Anatomy of a Trade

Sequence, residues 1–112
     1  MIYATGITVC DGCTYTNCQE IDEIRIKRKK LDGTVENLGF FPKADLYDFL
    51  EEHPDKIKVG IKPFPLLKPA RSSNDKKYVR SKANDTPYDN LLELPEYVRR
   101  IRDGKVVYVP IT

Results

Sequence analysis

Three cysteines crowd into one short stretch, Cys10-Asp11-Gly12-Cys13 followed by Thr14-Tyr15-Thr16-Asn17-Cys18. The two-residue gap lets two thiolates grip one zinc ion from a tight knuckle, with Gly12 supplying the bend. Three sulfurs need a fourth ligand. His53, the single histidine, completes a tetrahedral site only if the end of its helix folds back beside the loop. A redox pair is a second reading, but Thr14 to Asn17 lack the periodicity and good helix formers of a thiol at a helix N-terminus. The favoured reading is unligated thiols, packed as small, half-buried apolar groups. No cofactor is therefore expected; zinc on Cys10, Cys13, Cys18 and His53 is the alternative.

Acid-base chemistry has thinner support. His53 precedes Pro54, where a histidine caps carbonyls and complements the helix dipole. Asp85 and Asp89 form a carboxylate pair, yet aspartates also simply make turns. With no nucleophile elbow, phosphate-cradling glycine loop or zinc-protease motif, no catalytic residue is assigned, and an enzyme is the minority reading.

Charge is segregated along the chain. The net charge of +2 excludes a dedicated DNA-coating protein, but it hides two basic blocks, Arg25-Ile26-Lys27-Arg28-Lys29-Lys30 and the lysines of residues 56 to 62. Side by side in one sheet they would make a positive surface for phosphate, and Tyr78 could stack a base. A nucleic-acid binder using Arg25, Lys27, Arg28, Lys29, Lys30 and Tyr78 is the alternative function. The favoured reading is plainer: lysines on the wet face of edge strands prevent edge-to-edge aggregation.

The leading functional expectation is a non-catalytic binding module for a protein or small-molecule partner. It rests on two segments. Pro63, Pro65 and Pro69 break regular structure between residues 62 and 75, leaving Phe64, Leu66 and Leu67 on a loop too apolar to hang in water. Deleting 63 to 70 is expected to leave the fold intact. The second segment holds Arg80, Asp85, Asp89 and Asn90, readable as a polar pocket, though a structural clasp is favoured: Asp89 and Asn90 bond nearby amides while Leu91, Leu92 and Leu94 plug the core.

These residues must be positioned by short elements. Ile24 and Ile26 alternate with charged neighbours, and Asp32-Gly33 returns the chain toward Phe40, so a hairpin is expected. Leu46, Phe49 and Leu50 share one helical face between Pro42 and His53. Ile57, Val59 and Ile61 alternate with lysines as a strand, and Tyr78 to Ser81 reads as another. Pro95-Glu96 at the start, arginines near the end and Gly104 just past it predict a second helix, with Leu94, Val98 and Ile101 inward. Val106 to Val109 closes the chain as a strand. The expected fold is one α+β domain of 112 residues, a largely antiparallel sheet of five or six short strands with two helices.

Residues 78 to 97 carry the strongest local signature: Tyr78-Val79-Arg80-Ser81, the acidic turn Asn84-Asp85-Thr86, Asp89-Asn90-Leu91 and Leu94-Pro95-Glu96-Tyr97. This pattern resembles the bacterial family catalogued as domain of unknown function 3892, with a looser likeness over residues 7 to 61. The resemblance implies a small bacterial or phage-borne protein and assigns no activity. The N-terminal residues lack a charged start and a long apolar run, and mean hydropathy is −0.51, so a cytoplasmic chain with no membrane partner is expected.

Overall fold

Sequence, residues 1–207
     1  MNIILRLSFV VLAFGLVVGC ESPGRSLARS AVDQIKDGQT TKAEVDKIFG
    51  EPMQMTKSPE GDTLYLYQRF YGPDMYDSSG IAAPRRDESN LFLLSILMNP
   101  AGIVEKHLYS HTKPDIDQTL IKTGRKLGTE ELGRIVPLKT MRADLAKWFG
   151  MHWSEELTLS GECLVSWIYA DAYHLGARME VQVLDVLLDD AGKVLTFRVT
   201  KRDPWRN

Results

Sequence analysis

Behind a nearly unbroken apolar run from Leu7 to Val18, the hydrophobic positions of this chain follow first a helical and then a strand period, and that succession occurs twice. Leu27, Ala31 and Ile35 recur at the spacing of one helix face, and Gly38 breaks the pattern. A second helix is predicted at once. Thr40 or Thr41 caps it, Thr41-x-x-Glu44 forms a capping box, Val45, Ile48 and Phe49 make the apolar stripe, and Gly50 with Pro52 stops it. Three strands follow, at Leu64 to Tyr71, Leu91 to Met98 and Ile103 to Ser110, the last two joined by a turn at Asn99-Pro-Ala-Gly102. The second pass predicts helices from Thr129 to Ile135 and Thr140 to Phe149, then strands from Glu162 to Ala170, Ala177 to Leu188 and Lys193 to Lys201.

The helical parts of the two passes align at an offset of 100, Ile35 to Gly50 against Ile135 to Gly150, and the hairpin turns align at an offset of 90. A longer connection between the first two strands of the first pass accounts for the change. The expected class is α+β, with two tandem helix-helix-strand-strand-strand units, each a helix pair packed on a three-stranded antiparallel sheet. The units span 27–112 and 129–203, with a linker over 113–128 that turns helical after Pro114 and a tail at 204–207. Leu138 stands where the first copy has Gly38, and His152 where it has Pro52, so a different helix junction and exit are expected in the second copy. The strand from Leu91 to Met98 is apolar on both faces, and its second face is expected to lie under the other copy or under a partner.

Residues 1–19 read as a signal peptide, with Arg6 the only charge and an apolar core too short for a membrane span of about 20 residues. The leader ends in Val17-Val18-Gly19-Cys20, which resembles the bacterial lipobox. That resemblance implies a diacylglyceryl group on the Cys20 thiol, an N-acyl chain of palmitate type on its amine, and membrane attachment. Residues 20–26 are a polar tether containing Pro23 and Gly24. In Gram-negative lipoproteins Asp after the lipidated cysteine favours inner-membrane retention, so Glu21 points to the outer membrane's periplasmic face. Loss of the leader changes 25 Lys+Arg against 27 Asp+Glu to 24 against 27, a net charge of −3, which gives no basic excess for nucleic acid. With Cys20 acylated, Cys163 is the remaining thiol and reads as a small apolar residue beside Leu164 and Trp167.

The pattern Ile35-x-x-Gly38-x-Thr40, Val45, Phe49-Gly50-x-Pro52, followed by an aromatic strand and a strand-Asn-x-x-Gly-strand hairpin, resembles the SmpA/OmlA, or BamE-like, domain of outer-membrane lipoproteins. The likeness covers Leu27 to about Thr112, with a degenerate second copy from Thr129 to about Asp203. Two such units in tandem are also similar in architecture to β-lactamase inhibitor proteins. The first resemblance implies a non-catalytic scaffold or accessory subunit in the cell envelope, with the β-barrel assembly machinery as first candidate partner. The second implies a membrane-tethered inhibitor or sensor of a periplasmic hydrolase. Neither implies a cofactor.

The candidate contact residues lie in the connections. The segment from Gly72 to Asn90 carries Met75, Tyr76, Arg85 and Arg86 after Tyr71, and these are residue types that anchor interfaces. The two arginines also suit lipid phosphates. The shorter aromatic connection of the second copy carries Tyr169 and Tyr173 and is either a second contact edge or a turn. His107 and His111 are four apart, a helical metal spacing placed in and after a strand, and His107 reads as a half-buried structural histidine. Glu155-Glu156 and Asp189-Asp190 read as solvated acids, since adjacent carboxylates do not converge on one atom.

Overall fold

Anytime you trade you want to ask, why is this asset I am buying underpriced and why is the asset I am exchanging for it overpriced? Or vice versa, why is the asset I am selling overpriced, and why is the asset I am getting for it underpriced? The usual answer to a value investor in stocks is the asset is underpriced because it is an ugly stock that is beaten down but then there are value traps where the stock remains underpriced for years. So we then ask what are the catalysts that make a stock reprice and wait for those in event-driven trading. Fundamentally a stock or any asset can only reprice on a shift in supply and demand. Supply of a stock may shift from stock issues if the stock price is too high or buybacks if the stock is too low. Moreover there may be generally more sellers of the stock if some news occurs that changes how a stock is viewed by the market. A stock can gain on a repricing in demand if there is a new growth story or if there are earnings surprises that lead to a better story. So the worst thing that may seem to happen is to get yourself a few stocks with no story just a valuation. These are boring stocks so how are you supposed to bet on them? Supply and demand. It’s not about the story which you can leave behind but the stock which develops. A stock with seemingly no connection to the news can be a great stock if you understand what drives stock prices together is not news but supply and demand. So news don’t make the markets but as technical traders in the CME love to say, markets move the news. A boring stock with no story and no connection to the news has a valuation and that is enough, as we can form a relative value hypothesis and form a relative value trade on price to earnings alone, recognizing that multiples arbitrage is nearly impossible, we never can predict whether multiples are going to expand or fall. So we assume a higher price to earnings stock will remain overvalued in that sense and a lower price to earnings stock will remain undervalued in that sense but earnings growth will be higher in the lower price to earnings stock counterintuitively, because otherwise the market would be unfair for stocks of lower price to earnings, as these businesses could never issue stock to get enough money to come in to stay solvent and competitive. So a trade isn’t about being clever and anticipating the future usually but about anticipating valuation, and valuation changes, trading is a career of valuation and in that it most resembles being a gentleman as opposed to someone who just predicts the future who I would say is a gambler or a small traderman, “small Englishman,” and that is someone who may sound smart and be dashing and have a lot of success but he won’t understand why prices are actually changing and he won’t be around for the long term and all money is for the long term, ask Warren Buffett who may be old and no one can help there, but he doesn’t want your help as he has helped himself. Charles Munger said he’d do it all over again if he could and that’s what I have done, starting from scratch. You could say as George W. Bush did, I spent my political capital on the war, him on Iraq, me on the war within, the War on Drugs, as where anyone is a slave to these cocktails, no man is free. If there is no valuation understanding there should be no trade. You can trade without edge. Didn’t American gentleman fight against overwhelming odds multiple times in American history? But you can’t trade without valuation. That is like dating a girl without paying for her meal, how much are you supposed to save up for her if you don’t know how much she eats? I hope in this article you have developed the mindset of perhaps not a trader but a private equity guy and as they were called kings of capitalism for a reason, and their deal and investment flow process is long and complete, and I heard a rumor the military industrial complex private equity guys are intervening in the USA manufacturing sector after KKR wiped out the barbarians at the gate of Kmart. This is America! Payable on death and Santana! America won’t you come back to me baby don’t let me go, America.

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